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Not one to free fall
A tiny species of lizard is so light that it falls to the ground like a feather, scientists have discovered.
Outwardly, little of the animal's body seems adapted to flying, gliding or moving through the air in any way.
But a slow-motion camera has revealed that when the lizard jumps from a height, it can slow the rate of its descent and land gently on the ground.
The lizard's surprising aerial ability might help explain how some animals became true gliders.
Details of the little lizard's talents are published in the Journal of Experimental Biology.
Active flight, powered by the flapping of wings, has evolved in three living lineages of animals: birds, bats and insects.
But at least 30 different types of animal have evolved the ability to control their aerial descent, by parachuting or gliding to ground.
For example, gliding frogs use huge webbed feet, flying squirrels use long flaps of skin between their legs, and flying fish use their fins to glide.
Other animals have less obvious morphological adaptations.
Gliding snakes flatten and undulate their bodies, which helps to slow their fall while some species of ant are so tiny they can jump out of trees and freefall gently to lower on the trunk without hurting themselves.
So Bieke Vanhooydonck of the University of Antwerp became extremely interested when she read some old scientific papers reporting anecdotal evidence that a relatively ordinary species of lizard might also be able to glide from tree to tree.
Holaspis guentheri belongs to a group of lizards known as lacertids, which live in the Old World.
A slender, flat build helps
Though colourful, they do not stand out in terms of their behaviour, morphology or ecology.
"Also, compared to other gliding lizard species, it does not have any conspicuous morphological adaptations to an aerial lifestyle, ie no cutaneous flaps, webbed feet etc," says Vanhooydonck.
"It made me very curious about whether these animals were really able to 'glide' and if so, how they were accomplishing it."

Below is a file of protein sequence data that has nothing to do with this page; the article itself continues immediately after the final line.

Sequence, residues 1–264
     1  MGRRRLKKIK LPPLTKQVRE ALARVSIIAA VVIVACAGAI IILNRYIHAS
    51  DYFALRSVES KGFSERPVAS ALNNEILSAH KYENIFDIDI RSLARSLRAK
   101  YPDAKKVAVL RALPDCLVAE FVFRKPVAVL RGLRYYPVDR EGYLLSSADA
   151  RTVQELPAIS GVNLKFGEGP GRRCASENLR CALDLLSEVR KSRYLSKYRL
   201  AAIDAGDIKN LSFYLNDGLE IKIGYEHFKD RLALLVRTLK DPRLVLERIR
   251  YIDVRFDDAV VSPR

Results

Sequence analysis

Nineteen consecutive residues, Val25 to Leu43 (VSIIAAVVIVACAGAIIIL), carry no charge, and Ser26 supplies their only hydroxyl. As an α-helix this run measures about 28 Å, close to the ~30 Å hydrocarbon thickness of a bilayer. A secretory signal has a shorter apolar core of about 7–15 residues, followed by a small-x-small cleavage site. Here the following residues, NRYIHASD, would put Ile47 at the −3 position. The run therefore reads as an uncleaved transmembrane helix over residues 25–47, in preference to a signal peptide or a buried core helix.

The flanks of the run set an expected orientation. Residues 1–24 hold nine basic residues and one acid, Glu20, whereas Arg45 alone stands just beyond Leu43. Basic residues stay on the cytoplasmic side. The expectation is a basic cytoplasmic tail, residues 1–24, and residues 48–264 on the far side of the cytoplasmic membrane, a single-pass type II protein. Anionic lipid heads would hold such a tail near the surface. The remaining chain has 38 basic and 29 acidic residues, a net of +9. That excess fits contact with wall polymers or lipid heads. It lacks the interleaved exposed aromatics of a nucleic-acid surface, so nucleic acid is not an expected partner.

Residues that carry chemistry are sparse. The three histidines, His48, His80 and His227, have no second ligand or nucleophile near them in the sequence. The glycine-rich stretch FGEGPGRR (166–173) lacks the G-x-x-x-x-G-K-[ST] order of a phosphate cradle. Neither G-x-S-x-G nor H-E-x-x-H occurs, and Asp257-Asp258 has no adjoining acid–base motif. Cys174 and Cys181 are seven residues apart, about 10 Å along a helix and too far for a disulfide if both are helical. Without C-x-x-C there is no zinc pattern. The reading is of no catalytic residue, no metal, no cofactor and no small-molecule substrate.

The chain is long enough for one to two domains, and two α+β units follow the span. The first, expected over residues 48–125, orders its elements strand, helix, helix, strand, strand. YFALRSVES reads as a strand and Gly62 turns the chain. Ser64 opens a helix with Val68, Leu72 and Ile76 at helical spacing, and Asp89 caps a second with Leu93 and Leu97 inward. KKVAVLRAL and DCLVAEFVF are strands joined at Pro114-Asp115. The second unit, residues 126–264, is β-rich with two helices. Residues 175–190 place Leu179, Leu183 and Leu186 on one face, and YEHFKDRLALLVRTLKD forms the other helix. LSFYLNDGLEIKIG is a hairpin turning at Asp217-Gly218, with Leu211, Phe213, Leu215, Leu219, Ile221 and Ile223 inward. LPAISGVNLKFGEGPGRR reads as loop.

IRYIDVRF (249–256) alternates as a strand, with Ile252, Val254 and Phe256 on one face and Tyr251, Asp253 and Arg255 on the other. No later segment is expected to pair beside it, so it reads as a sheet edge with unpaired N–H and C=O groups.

So Vanhooydonck and colleagues in Belgium and France filmed individual lizards leaping from a platform two metres above ground.
They compared the performance of H.guentheri with a rock-dwelling lizard (Podarcis muralis) that never takes to the air, and a highly specialised leaping gecko (Ptychozoon kuhli) that has a range of skin flaps that it uses to parachute to the ground.
For each, they examined the duration of each species' descent, the horizontal distance it covered and at what speed.
Both the rock-dwelling lizard and H.guentheri landed 50 centimetres from the base of the platform, while the gecko landed up to 1m away. But H.guentheri fell for longer, and more slowly than its rock-dwelling competitor.
"Much to our surprise, H. guentheri is able to slow down its descent and has low impact forces upon landing," says Vanhooydonck.
In fact, the lizard weighs just 1.5g, which is one third of the rock-dwelling lizard's weight and one-tenth of the gecko's.
Once weight was factored in, the researchers found that H.guentheri landed 20cm further away that it should have done had it fallen like a stone.
The leaping gecko P. kuhli is a true glider
"Also its wing loading, the ratio of mass to surface area, is extremely low and in the same range as that of the gekko."
However, the two species achieve this aerial ability in different ways. As a result of its webbed feet and body flaps, the gecko achieves a low wing loading by having a large surface area.
H. guentheri has a low wing loading too, but by being so light.
X-ray scans of the lizard's body revealed its bones are packed full of air spaces.
Although the lizard's light weight and ability to fall gently are linked, it is still unclear whether its air-filled bones are an adaptation for parachuting, or whether they evolved for another reason.
It is also unclear whether H.guentheri glides from tree to tree to escape predators or move about more efficiently.
"Because of [the lizards'] secretive lifestyle, it is very hard to observe them in the wild, but it seems plausible they use it as an escape response," says Vanhooydonck.
And that could be just how other gliding animals took the first evolutionary steps towards an aerial lifestyle, she says.